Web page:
Mobile Web Articles by CEO

What is Mobile Web?

The Mobile Web is the Web as we know it, but applied or adapted to mobile handsets.

The Mobile Web content is described similarly to how content is described on the typical Web; this is using (a variant) of HTML (XHTML Mobile Profile), and CSS, and scripting.

Mobile Web content is transported over the Internet similarly to how Web content is; this is over HTTP.

Mobile Web started back in the days of Handheld Device Markup Language Specification (HDML) circa 1997, followed by WAP’s WML, and today the more standards-based WAP 2.0, while the future might be about the Web Integration Compound Document (WICD), which is based on XHTML Basic 1.1, CSS 2.1 Mobile Profile, ECMAScript 3rd Edition Compact Profile and other).

The Mobile Web is still evolving, with new approaches, techniques and technologies, including web-based Widgets, AJAXs, Flash, mashups, and the aforementioned WICD, all playing a role in the future of the Mobile Web.

There are special considerations when creating content or applications for the Mobile Web, including screen sizes, content description, content adaptation, device identification and management, content caching, and a different angle to the user experience that is specific to mobile.

As we move on, browsers will evolve in support of technologies that allow for rich and dynamic, even occasionally disconnected browser-based applications with access to local resources.

What technologies are used to create Mobile Web Applications?

The following technologies are used to create mobile web applications:

  • HTTP for network transport
  • XHTML Mobile Profile (MP) for Mobile Web Content – XHTML Basic with the addition of a number of tags not included in XHTML Basic
  • CSS for style sheets – Style sheets define how content should be rendered by the browser, such as color and background, fonts, list and text style properties, as well as Padding, Border, Margin, Visual Formatting. Most of the CSS properties are optional. They can be defined externally, internally or inline. Style sheets are convenient, but it is recommended to keep them simple to minimize complex processing, affecting the application’s performance. For more information see XHTML Mobile Profile and CSS Reference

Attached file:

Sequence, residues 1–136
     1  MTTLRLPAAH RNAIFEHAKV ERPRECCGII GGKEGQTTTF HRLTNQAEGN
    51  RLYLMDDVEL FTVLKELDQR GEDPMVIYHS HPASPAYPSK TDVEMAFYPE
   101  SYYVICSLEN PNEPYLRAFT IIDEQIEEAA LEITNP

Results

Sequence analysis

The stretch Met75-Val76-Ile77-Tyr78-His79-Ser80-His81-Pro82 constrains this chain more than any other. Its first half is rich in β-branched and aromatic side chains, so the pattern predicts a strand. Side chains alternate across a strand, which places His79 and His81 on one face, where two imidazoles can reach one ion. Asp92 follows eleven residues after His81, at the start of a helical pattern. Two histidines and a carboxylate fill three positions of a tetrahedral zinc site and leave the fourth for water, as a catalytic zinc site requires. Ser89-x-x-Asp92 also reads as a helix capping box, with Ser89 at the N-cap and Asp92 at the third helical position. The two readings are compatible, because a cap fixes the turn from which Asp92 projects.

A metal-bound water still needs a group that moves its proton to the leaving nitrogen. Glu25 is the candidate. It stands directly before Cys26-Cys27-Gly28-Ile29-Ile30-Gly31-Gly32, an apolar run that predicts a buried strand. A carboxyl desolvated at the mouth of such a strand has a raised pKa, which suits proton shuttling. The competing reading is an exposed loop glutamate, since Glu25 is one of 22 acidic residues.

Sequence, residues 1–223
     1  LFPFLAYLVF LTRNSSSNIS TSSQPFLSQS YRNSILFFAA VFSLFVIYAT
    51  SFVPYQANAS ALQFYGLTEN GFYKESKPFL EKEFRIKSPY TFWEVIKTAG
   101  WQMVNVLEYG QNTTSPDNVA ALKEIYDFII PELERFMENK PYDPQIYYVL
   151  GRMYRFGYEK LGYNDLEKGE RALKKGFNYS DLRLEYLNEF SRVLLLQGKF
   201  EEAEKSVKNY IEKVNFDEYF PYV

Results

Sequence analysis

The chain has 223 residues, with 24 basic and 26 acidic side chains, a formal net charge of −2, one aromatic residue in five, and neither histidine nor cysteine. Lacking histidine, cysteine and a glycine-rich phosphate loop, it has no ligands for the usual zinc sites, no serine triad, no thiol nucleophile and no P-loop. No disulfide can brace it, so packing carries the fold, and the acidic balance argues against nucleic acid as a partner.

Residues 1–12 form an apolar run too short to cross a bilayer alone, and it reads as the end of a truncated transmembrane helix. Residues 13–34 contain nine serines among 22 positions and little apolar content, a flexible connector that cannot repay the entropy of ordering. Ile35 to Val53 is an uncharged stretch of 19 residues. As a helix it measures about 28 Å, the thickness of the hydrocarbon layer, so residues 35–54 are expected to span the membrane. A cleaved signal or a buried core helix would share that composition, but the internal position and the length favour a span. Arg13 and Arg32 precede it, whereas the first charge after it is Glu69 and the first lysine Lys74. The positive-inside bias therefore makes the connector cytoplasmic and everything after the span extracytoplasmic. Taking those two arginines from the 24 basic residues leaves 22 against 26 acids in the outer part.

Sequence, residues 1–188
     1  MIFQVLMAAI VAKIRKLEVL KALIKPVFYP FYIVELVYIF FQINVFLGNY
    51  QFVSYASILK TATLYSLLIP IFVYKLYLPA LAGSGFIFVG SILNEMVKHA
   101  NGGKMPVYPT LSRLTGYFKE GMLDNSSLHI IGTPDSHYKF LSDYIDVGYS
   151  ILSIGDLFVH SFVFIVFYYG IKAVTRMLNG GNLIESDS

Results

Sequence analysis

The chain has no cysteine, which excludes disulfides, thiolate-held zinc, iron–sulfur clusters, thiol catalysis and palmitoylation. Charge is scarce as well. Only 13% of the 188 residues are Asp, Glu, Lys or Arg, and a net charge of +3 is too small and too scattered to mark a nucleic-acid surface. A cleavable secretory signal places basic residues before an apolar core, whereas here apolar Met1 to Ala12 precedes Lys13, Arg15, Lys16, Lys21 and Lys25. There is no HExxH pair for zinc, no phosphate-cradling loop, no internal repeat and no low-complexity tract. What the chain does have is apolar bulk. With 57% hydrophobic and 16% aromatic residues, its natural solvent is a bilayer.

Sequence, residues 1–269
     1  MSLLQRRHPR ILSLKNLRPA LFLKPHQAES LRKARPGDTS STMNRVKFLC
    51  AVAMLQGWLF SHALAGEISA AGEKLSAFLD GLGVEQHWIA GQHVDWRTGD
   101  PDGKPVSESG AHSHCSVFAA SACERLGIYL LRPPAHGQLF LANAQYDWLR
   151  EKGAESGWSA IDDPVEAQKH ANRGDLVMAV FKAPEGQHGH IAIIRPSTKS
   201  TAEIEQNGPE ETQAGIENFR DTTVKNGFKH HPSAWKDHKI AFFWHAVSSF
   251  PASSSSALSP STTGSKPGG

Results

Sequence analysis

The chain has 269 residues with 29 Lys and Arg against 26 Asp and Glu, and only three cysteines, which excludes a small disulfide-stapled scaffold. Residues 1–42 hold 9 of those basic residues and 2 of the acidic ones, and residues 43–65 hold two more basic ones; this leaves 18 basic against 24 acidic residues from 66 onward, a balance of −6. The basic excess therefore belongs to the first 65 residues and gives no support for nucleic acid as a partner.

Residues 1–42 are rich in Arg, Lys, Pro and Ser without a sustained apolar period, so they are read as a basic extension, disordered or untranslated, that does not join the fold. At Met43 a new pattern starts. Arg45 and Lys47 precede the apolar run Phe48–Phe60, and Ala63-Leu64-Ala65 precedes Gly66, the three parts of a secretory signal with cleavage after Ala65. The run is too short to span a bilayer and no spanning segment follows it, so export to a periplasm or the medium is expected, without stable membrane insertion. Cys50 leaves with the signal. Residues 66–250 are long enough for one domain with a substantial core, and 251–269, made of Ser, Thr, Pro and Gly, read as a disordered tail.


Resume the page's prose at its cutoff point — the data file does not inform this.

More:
• As we move forward, we will see JavaScript playing a larger role in Mobile Web applications, including the use of XMLHttpRequest for AJAX behavior

The figure below illustrates the relationship between WAP 2.0, and XHTML markup languages for mobile.

What is WICD?

The W3C Web Integration Compound Document (WICD), and its mobile version, the WICD Mobile 1.0 specification is going to be a very important piece moving forward for Mobile Web and mobile browsing, and in the convergence between rich-local clients and browser-based technologies.

The WICD Mobile profile is primarily designed to enable rich multimedia content on mobile handset devices. These are devices with:

  • small, narrow screens (approximately 2 to 4 inch, up to 30-40 characters per line)
  • 4- or 8-way joystick navigation (no pointing device)

The WICD Mobile specification defines (standardizes) the use of the following for Mobile Web:

  • XHTML Basic 1.1
  • ECMAScript 3rd Edition Compact Profile
  • CSS 2.1 Mobile Profile
  • SVG Tiny 1.2
  • Bitmap formats
  • Audio formats
  • Video formats
  • User Agent Identification